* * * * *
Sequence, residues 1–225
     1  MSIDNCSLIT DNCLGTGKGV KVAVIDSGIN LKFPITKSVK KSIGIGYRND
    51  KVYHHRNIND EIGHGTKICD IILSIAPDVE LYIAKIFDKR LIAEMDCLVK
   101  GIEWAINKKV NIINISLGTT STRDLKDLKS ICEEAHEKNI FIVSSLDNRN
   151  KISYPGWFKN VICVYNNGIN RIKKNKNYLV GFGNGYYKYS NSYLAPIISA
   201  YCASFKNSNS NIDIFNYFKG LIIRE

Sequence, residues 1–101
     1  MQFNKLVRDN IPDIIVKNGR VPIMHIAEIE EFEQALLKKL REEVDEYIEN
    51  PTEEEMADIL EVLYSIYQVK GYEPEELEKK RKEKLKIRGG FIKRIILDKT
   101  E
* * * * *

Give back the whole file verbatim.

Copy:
Sequence, residues 1–225
     1  MSIDNCSLIT DNCLGTGKGV KVAVIDSGIN LKFPITKSVK KSIGIGYRND
    51  KVYHHRNIND EIGHGTKICD IILSIAPDVE LYIAKIFDKR LIAEMDCLVK
   101  GIEWAINKKV NIINISLGTT STRDLKDLKS ICEEAHEKNI FIVSSLDNRN
   151  KISYPGWFKN VICVYNNGIN RIKKNKNYLV GFGNGYYKYS NSYLAPIISA
   201  YCASFKNSNS NIDIFNYFKG LIIRE

Sequence, residues 1–101
     1  MQFNKLVRDN IPDIIVKNGR VPIMHIAEIE EFEQALLKKL REEVDEYIEN
    51  PTEEEMADIL EVLYSIYQVK GYEPEELEKK RKEKLKIRGG FIKRIILDKT
   101  E